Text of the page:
Installations: The House That Jim Built
Nyack is well known for its historic Victorian homes; mine, unfortunately, isn't one of them. Rather, it was the house's location right on the Hudson that spurred my wife and me to buy it three-and-a-half years ago as a weekend getaway.
But now that we have a 2-year-old son and are thinking about giving up our New York City apartment, the two-bedroom, one-bath house is just too small to be a full-time residence. That's why we decided to build an addition that will essentially double the floor space to a still decidedly non-mansion-like 2,400 square feet (not including a new basement).
The addition, at the rear of the existing house, creates three new living areas: an open first-floor kitchen and living room, a second-floor master bedroom/bathroom suite, and a large basement. Since the first-floor area will be our main family/entertainment room, we know we want a large-screen HDTV and a surround sound system there. We also plan to have an HDTV in the master bedroom, and probably a small LCD TV in the kitchen area. The basement will have a dedicated home theater room plus a small recording studio.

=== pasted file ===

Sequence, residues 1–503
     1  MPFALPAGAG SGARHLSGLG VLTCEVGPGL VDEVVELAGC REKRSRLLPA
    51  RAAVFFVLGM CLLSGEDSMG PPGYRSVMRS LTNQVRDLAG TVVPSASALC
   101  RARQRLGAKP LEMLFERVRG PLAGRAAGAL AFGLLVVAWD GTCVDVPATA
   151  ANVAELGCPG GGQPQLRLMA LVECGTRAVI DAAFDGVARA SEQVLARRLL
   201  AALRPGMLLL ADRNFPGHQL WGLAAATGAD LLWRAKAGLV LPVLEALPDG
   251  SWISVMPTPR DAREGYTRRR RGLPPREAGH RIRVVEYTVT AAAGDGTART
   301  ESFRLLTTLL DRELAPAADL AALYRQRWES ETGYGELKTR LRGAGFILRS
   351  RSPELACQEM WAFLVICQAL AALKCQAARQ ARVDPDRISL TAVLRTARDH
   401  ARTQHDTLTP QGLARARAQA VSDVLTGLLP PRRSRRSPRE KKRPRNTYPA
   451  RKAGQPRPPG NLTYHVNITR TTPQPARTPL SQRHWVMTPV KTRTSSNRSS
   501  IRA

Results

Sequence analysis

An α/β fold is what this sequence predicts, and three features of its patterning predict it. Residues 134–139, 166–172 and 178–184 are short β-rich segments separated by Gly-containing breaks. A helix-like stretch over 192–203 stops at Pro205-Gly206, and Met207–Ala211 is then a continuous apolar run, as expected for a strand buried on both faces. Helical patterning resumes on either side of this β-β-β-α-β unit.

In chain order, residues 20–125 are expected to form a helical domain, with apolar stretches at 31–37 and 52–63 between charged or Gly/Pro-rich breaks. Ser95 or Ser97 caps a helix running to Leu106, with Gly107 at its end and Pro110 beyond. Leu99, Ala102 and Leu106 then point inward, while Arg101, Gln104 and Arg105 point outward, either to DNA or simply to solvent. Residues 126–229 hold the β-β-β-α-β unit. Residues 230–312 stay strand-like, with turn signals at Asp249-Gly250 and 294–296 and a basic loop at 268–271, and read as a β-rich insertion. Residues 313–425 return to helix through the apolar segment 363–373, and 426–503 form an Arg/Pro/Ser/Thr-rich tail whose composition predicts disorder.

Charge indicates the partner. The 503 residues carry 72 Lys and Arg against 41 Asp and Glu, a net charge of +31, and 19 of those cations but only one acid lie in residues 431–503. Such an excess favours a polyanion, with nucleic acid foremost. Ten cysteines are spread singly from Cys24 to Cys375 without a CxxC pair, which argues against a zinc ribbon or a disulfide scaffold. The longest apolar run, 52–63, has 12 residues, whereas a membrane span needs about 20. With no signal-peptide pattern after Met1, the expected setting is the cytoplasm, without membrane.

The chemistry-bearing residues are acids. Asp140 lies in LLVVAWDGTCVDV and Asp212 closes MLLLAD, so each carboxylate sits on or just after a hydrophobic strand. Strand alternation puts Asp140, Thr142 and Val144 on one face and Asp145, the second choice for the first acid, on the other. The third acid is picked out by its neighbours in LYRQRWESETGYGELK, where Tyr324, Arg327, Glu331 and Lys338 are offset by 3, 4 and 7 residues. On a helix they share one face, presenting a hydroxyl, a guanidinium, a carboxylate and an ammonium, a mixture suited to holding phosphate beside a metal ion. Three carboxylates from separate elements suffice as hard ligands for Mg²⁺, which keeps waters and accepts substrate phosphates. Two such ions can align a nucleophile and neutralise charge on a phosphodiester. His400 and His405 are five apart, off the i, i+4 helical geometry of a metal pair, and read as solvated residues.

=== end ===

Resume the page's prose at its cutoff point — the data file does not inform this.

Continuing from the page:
|In the master bedroom, the bed will go on the wall opposite the 42-inch plasma TV. Ethernet connections to either side of the head-board will make it easy for Jim and his wife to jack in their laptops.|
Going into the project, I knew there'd be several challenges. The most immediate is financial, as our construction budget doesn't allow for new audio or video gear, or for a finished basement. So I plan to use as much of my existing gear as possible, and I'll be flooring, framing, insulating, and dry-walling the basement myself. Since we don't already own a projector, a screen, or theater-style seating, I won't be able to start on the home theater until all the other rooms are done. But, knowing I'll need extra ceiling clearance in the basement to either construct soffits around the heating and air-conditioning ducts or hide them in a dropped acoustic-tile ceiling, I've had the foundation excavated a foot deeper than usual at the nominal cost of about $250.